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The Economics of Owning a Car

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Chances are if you’re in over your head in unsecured debt, you’re probably trying to find ways to scale back your monthly budget so you can start paying your way toward financial freedom. Luxuries, such as travel and dining out, are a great place to start, but have you done the math on the full cost of owning a car?

 

To get an idea, take a look at our cost breakdown:

 

  • The average auto loan amount in 2016 was just over $30,600 for a brand new car and $19,300 for a used one.

 

  • The average monthly payment for a new car was almost $500 per month.

 

  • The average annual interest rate or APR for a traditional 60-month auto loan is about 4.21 percent; however, rates will vary widely depending on your FICO credit score.

 

  • The average cost of car insurance in the US is about $1,500 per year, though rates will differ depending on the state you live in, your age, and coverage amount, among other factors.

 

  • Gas costs about $2.13 a gallon across the US. If you drove a newer sedan, such as the popular Toyota Camry, an average of 15,000 miles per year, you’d spend about $1,340 on gas annually.

 

  • Other costs to consider, include registration fees, parking – especially if you live in a heavily populated urban area, and maintenance costs.

 

  • The total monthly cost of owning a vehicle in 2016, according to AAA estimates, was over $700 per month or just over $8,500 per year.

 

Let’s talk a bit more about interest: The lower your score, the higher the APR on your car loan is likely to be. For example, if you fell in the 500 to 589 range, you could be charged an annual interest rate as high as 15.24 percent. Of course, the better your credit, the lower the APR. The average APR for those with credit scores that fell between 720 and 850 is about 3.60 percent – but with mounting unpaid bills, we’re going to guess you do not fall within this range.

 

While it may be tempting to lower your monthly car payments with the increasingly popular 73 to 84 month terms, you could pay exorbitant amounts in interest, especially if you have a lower credit score. To demonstrate, say you took out a $20,000 73-month loan for a used car with, unfortunately, an interest rate of 14 percent. You would end up paying almost $10,000 in interest! Some used cars don’t even cost that much.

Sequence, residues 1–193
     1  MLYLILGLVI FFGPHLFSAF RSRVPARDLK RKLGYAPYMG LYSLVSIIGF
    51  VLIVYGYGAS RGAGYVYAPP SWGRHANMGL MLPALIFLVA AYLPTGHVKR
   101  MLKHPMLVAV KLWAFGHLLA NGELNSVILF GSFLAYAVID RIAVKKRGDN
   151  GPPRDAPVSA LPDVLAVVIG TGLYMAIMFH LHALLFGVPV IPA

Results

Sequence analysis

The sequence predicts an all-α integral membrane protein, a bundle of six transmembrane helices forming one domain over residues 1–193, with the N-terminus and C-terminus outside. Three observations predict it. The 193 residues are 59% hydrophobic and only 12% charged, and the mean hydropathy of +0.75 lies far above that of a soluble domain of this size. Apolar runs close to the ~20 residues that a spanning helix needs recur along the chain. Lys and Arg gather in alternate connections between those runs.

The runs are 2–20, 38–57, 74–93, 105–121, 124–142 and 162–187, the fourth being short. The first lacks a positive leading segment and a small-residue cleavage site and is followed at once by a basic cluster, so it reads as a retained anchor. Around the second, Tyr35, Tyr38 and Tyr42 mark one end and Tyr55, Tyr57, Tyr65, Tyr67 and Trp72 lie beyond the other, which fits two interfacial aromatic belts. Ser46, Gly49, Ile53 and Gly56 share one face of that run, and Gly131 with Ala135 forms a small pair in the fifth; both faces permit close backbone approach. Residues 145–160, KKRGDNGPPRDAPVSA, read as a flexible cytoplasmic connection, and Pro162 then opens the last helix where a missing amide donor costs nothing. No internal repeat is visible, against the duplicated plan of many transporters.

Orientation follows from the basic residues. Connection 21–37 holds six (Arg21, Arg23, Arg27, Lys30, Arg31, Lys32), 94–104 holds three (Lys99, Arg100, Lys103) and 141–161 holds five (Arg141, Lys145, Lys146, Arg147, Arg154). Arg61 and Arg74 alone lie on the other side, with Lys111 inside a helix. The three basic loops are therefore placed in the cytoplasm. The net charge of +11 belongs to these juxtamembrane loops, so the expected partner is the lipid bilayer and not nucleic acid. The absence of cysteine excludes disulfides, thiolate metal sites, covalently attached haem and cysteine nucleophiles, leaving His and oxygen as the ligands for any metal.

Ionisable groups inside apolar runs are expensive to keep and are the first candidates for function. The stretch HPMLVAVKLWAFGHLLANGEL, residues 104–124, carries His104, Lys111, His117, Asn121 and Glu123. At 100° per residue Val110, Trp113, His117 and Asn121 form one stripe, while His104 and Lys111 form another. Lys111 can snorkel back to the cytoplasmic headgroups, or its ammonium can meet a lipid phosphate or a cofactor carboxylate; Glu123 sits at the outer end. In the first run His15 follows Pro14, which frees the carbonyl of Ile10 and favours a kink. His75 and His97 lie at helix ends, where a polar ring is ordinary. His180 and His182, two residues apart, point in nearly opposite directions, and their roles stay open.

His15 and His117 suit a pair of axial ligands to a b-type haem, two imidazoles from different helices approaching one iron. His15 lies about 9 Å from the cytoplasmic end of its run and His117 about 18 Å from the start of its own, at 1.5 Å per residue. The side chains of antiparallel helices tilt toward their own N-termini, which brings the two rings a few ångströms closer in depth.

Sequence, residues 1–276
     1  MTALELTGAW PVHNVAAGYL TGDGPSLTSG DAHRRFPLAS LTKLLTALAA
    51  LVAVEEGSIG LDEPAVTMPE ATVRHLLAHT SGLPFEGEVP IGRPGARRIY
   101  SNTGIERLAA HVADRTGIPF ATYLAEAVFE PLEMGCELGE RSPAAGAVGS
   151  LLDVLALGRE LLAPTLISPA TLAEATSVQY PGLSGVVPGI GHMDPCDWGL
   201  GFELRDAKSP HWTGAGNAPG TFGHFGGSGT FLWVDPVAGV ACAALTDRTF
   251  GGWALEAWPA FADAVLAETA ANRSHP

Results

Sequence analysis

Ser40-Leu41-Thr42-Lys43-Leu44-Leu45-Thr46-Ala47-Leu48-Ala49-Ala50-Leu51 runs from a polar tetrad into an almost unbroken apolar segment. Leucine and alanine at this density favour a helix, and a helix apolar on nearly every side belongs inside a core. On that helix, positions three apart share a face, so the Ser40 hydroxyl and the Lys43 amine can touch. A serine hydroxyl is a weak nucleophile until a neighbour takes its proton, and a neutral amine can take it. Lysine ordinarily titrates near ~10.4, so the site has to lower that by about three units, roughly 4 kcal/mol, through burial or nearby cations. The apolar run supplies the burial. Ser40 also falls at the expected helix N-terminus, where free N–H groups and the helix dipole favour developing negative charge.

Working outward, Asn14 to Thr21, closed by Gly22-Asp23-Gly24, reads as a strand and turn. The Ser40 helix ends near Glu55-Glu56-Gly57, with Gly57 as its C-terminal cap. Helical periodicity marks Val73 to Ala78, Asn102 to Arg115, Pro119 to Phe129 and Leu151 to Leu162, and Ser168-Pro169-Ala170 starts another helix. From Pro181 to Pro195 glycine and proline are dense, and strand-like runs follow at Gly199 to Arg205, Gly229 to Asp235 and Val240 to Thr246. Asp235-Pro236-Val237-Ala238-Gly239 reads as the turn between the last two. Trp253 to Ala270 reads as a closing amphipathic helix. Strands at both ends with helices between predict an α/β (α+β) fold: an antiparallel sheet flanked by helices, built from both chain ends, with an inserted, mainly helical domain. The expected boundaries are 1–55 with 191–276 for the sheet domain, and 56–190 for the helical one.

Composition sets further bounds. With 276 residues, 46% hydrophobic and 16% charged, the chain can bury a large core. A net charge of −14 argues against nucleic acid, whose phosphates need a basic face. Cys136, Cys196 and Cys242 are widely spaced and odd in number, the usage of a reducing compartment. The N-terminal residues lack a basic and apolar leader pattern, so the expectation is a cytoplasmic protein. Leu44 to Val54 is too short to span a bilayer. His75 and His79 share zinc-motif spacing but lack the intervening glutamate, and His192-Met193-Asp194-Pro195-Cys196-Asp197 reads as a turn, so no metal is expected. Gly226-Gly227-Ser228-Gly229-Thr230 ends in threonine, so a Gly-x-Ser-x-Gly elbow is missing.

So, is car ownership right for you? Does the cost of your current car fit into your monthly budget? If you answered no to either of those questions, there are some possible alternatives that can help you scale back your vehicle-related costs:

 

  • Instead of buying brand new or used cars from dealerships, consider purchasing a used vehicle directly from the owner. You might find an option that you can afford to buy outright, helping you avoid high monthly payments.

 

  • Purchase a used electric vehicle (EV). Used EV prices are falling substantially. Not only could you possibly afford to pay in full, but you could take advantage of lower “refueling” costs. The average cost of electricity is 12 cents per kWh, which equates to about $540 per year to recharge if you drove about 15,000 miles. That’s less than half the amount to refuel a traditional gas-powered vehicle. Plus, many cities offer free charging stations.

 

  • Ride-sharing systems, such as Uber and Lyft, make it possible to get around without owning a vehicle. The average cost per ride is between $12 and $14. If you don’t need to commute very far or at all, ride-sharing is a great, low-cost alternative.

 

  • Public transportation also costs less per month than owning a car. The average monthly cost to ride the public bus, train, or subway is about $135. Of course, this varies depending on the city you live in.

 

With this information, you can make a more informed decision as to whether owning a car is the right fit for your monthly budget. As for the mounting debt, you can always contact us at New Era Debt Solutions. We’ve been helping people get out of debt quicker – and for less – since 1999.

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